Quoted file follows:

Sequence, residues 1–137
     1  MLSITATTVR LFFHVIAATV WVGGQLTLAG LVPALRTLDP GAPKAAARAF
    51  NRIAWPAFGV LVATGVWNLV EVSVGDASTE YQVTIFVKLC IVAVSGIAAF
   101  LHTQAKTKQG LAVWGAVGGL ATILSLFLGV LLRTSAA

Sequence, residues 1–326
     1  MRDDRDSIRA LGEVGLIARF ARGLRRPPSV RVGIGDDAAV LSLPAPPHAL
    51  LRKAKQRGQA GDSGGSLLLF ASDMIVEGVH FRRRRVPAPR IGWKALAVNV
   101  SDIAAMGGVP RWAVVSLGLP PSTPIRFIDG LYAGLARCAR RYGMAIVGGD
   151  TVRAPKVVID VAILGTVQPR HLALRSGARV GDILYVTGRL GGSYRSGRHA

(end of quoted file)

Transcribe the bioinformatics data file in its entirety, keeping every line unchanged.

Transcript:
Sequence, residues 1–137
     1  MLSITATTVR LFFHVIAATV WVGGQLTLAG LVPALRTLDP GAPKAAARAF
    51  NRIAWPAFGV LVATGVWNLV EVSVGDASTE YQVTIFVKLC IVAVSGIAAF
   101  LHTQAKTKQG LAVWGAVGGL ATILSLFLGV LLRTSAA

Sequence, residues 1–326
     1  MRDDRDSIRA LGEVGLIARF ARGLRRPPSV RVGIGDDAAV LSLPAPPHAL
    51  LRKAKQRGQA GDSGGSLLLF ASDMIVEGVH FRRRRVPAPR IGWKALAVNV
   101  SDIAAMGGVP RWAVVSLGLP PSTPIRFIDG LYAGLARCAR RYGMAIVGGD
   151  TVRAPKVVID VAILGTVQPR HLALRSGARV GDILYVTGRL GGSYRSGRHA